If you had asked me ten years ago whether I thought I would still be alive today, I would have responded with "absolutely not." That's how surely I was convinced that I was slowly dying — emotionally, socially, intellectually, spiritually, and physically. The most frightening thing about it was that I perceived I was powerless to stop my slow decline. I talked to my husband about moving the master bedroom down to the first floor so I wouldn't have to climb stairs. I made my funeral plans.
One night as I was working late at the office, I found myself so despondent that I closed my office door, turned out the lights, and just lay on the floor behind my desk, curled up and weeping. For me, that was about as low as I could go. I knew then that I was grieving for everything precious to me that seemed lost, my marital relationship, my love of the outdoors with horseback riding and camping, my career, my faith in God as my provider, all seemed gone.
After trying unsuccessfully to continue working on a part-time status in my career as a college professor, I knew I had to resign. A few days after my 55th birthday, I gave my dean notice that I would take early retirement. She was aware of my struggles, and so she graciously approved my decision. It was not long after I left my beloved job that I took a walk into the woods by myself in the dark hours of the early morning, without a flashlight, but with a handgun. It was only God's grace that gave me the strength not to use it.
It's very hard for someone without fibromyalgia to even begin to understand the consuming pain, weakness, and depression the disorder causes. I did not know how to talk to my primary care physician other than to tell her I was hurting all over and had no energy. No lab test validated my symptoms, so we blindly tried physical therapy, muscle relaxants, antidepressants, a TENS unit (transcutaneous electrical nerve stimulator to block pain impulses), massages, and vitamins, all with no lasting positive effect.
My mother, who was in her 80's at the time, was sensitive to my struggles in a way only a mother can be. One day she looked at me and said, "I think you have fibromyalgia." When I asked her why she thought this was my problem, she stated "I think I have it, too." We have become so conditioned to attribute our aches and pains to aging that health care providers don't take our pain seriously, especially as we grow older. My mother was never diagnosed with fibromyalgia. She gave me a book on fibromyalgia and suggested I read it. That was the beginning of enlightenment for me and it was also the beginning of a new battle.
I convinced my primary care physician to refer me to a specialty physician in rheumatology. He evaluated the classical pain trigger points then confirmed I "probably" had fibromyalgia. He prescribed pain medicine and told me that was all he could offer. I never returned to him. What does a person do with a diagnosis like that? Just live with it and take pain pills to keep going? There was no comfort in this treatment because there still seemed to be little hope for my functioning and doing life at any satisfactory level.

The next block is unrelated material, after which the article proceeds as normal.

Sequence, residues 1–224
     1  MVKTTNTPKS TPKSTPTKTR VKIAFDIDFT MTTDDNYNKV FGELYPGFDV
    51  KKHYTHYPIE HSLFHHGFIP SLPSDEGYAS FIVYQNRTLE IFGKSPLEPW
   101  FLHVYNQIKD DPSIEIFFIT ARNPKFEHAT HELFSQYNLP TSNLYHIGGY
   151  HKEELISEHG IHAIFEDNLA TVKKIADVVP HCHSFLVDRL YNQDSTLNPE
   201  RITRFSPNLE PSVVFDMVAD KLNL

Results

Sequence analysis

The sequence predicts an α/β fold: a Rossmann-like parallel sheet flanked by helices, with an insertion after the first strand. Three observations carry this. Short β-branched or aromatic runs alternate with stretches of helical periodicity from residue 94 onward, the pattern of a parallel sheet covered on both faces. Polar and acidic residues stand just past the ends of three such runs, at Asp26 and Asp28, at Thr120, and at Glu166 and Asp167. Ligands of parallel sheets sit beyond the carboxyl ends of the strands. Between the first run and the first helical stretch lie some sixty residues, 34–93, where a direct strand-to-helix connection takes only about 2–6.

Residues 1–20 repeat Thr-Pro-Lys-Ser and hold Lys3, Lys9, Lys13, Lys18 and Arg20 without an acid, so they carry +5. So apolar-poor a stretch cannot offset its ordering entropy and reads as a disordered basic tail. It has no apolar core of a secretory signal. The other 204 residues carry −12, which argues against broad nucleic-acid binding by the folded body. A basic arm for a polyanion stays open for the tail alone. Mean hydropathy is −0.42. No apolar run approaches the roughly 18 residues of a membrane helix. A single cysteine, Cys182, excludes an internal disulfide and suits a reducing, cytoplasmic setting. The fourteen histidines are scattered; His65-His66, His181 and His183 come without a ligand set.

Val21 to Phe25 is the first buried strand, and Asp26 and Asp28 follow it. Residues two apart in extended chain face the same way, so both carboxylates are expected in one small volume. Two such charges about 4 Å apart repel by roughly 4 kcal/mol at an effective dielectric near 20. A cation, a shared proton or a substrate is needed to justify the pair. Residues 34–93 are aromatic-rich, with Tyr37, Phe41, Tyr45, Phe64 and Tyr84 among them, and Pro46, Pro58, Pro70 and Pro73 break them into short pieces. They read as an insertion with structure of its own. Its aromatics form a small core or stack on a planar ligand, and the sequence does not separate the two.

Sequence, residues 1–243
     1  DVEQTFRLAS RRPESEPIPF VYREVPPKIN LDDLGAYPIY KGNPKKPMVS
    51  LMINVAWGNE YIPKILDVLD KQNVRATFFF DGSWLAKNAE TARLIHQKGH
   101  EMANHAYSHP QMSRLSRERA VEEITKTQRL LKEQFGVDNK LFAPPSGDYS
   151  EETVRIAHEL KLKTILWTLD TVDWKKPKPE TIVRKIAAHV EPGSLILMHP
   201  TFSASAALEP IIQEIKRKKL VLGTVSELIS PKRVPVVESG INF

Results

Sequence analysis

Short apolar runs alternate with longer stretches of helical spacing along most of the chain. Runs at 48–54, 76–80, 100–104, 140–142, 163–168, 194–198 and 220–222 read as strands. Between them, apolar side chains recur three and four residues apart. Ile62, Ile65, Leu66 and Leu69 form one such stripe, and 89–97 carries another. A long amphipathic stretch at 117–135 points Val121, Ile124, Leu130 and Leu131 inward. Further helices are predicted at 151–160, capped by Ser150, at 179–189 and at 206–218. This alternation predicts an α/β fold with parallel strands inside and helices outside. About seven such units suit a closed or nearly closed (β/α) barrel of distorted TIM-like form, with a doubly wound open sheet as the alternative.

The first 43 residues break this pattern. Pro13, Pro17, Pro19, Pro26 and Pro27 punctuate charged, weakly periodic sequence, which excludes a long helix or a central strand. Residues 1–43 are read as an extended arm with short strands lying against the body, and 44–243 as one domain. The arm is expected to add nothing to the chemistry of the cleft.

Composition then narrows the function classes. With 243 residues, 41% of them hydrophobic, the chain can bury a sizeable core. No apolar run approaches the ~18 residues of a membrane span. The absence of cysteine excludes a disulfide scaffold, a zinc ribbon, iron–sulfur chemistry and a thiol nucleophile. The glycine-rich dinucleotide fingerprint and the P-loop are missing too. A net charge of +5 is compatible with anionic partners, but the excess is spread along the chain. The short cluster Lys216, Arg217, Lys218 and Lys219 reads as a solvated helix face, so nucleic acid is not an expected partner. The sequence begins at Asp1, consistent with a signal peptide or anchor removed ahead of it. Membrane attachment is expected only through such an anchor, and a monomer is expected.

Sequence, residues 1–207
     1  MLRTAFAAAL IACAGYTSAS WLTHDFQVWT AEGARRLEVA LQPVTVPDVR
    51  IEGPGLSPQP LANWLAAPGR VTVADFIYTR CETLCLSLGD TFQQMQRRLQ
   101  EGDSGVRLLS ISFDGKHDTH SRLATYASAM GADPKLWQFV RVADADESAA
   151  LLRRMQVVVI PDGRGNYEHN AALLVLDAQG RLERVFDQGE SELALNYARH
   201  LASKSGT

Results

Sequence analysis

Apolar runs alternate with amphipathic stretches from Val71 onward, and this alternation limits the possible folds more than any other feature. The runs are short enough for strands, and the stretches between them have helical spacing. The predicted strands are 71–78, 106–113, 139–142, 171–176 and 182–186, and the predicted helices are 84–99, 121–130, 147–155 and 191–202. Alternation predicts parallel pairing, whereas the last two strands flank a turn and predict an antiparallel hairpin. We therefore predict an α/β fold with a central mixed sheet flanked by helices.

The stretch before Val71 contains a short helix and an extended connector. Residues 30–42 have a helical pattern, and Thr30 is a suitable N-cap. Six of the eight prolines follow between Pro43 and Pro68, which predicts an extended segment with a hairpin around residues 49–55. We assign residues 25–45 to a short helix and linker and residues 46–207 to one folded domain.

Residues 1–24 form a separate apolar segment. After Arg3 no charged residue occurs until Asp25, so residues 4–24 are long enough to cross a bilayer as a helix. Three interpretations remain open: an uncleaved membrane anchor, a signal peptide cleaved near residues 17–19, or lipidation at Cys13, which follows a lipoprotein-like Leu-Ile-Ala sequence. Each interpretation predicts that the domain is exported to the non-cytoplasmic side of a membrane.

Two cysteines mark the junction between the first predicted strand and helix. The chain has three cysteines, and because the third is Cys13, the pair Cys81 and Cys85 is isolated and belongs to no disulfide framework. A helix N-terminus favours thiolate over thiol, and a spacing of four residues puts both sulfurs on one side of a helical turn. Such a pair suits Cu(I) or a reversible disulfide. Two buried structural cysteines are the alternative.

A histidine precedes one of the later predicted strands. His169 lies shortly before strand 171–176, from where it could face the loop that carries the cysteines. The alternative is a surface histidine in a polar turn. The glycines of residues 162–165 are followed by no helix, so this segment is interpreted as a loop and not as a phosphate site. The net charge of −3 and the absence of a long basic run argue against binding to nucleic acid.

I have always believed God's Word that urges us to listen to the "still, small voice" that is His tender whispering to us, showing us the way to go. When I saw an ad in the newspaper about a free fibromyalgia seminar, I knew I needed to attend. A physician at the former Fibromyalgia and Fatigue Center explained fibro, its symptoms, and an available plan of treatment that was not in conventional medical textbooks. Because I was desperate for help, I made the decision to pay the price and enter the treatment program. At that point, I couldn't afford not to get the treatment because I had nothing to lose. My husband supported me in this decision even with its heavy financial impact, and thus I began a journey back to wholeness.
My journey has been "bumpy", trying different approaches with medicines, IV's, diet alterations, vitamin and mineral supplements, and stress reduction; but overall, Dr. Bullington has helped me to regain much of what I thought was lost. Through extensive lab tests she discovered I had Lyme disease, mononucleosis, and pneumonia, all at the same time. Looking backwards, I saw the pattern of infections I had been experiencing, including shingles, influenza, strep throat, and pneumonia. I did not recognize the extent of my compromised immune system and low adrenal function until Dr. B. showed me. No wonder I felt "sick" all the time! After four years of treatment, I was able to return to my college teaching career, my gardening and camping, my marital relationship, and most importantly, to a renewed faith in God. I credit Dr. B's patience, positive attitude, and expertise with my holistic recovery as well as my survival to tell you my story.
If you are reading this article, then I know you likely have either experienced some of these same symptoms yourself, or you are trying to help someone you love with these struggles. I hope you can take away from this an understanding that there is something that can be done to improve your life with fibro. Your quality of life depends on seeing yourself as a valuable creation who deserves to seek and receive the help you need. Be patient with yourself on your journey. . . .
Shirley R. (Georgia)
September 10, 2013